Ishida Camp Accuses Melendez of ‘Greasing’

By Loretta Hunt Aug 17, 2009
A representative for Mitsuhiro Ishida made a verbal protest Saturday against Gilbert Melendez, claiming the Strikeforce interim lightweight champion was “greased” during their rematch at “Carano vs. Cyborg” at the HP Pavilion in San Jose, Calif.

California State Athletic Commission Assistant Executive Officer Bill Douglas told that the representative interrupted a meeting for officials held shortly after the event to make the proclamation, and was asked to leave the closed-door gathering.

Melendez, 27, blasted past Ishida during their championship bout Saturday, scoring a third-round technical knockout after the Japanese fighter failed on numerous occasions to ground the champion. Ishida absorbed ample punishment from the striker standing, and was dropped by a body knee in the third before Melendez coaxed out the stoppage on the canvas.

Douglas said his agency would not inform Melendez of the complaint unless it became official.

“In order for it to be considered official, we have to have something in writing,” said Douglas.

Douglas said Ishida’s camp has five days to file an official protest, and has not heard from the group since Saturday.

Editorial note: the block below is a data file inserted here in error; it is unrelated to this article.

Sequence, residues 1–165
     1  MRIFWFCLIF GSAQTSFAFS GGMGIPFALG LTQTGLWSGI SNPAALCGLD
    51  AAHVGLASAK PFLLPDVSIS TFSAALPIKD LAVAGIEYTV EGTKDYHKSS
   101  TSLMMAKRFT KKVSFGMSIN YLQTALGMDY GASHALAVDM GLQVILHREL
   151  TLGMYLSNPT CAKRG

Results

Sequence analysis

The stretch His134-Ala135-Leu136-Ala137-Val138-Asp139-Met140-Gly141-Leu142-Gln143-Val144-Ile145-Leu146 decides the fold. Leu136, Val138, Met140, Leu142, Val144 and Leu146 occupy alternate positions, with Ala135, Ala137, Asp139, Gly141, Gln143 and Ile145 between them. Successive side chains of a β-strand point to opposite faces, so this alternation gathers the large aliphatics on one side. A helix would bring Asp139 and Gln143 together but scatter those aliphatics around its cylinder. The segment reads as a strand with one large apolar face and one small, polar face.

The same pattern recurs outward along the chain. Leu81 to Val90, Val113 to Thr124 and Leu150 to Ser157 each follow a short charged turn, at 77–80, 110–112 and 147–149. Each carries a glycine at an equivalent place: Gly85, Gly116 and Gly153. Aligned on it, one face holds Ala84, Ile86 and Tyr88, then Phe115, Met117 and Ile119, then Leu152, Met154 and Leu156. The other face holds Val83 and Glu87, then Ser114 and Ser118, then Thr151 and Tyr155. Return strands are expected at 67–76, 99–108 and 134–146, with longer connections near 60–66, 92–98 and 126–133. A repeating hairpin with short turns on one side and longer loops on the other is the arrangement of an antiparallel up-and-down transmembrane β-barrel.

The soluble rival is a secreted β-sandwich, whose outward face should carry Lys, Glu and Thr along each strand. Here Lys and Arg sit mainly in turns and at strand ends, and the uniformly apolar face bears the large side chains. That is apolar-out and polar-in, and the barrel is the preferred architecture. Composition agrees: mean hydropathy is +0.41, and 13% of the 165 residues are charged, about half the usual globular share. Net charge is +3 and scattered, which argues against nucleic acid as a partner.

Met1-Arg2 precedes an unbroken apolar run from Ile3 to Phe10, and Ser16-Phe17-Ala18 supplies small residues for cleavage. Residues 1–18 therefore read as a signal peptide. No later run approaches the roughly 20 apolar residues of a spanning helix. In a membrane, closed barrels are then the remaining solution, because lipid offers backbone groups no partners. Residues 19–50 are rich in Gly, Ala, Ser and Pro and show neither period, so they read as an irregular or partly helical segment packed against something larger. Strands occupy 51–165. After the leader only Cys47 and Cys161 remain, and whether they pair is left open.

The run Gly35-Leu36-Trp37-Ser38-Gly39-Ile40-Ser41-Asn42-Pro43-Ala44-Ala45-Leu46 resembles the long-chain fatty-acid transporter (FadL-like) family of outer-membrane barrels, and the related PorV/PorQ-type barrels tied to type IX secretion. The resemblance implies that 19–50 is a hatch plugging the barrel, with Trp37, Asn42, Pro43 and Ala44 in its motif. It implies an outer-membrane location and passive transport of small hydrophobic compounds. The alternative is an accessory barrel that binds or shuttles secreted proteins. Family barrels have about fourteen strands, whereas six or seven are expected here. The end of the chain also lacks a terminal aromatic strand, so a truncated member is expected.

Melendez seemed surprised by the accusations when reached by Monday.

“I did not grease in the fight,” said Melendez. “The athletic commission was with me the whole time. I didn’t bring any grease with me. I didn’t think there was much grappling in the fight anyway.”

Melendez, 27, lost a unanimous decision to Ishida in their first encounter at Yarennoka in December 2007, but had little issue with the southpaw wrestler on Saturday.

“It’s kind of funny, but kind of weak,” he said. “I beat him good and there’s no way I greased.”

Greasing allegations dominated the headlines last February, after B.J. Penn accused Georges St. Pierre and his cornermen of misconduct between rounds during a championship bout at UFC 94 in Las Vegas. After an investigation, the Nevada State Athletic Commission did not call a disciplinary hearing for the Canadian and his team.

”Ever since the Penn-St. Pierre fight, our inspectors have been duly trained to be very attentive to what’s happening backstage and in the corner,” said Douglas.
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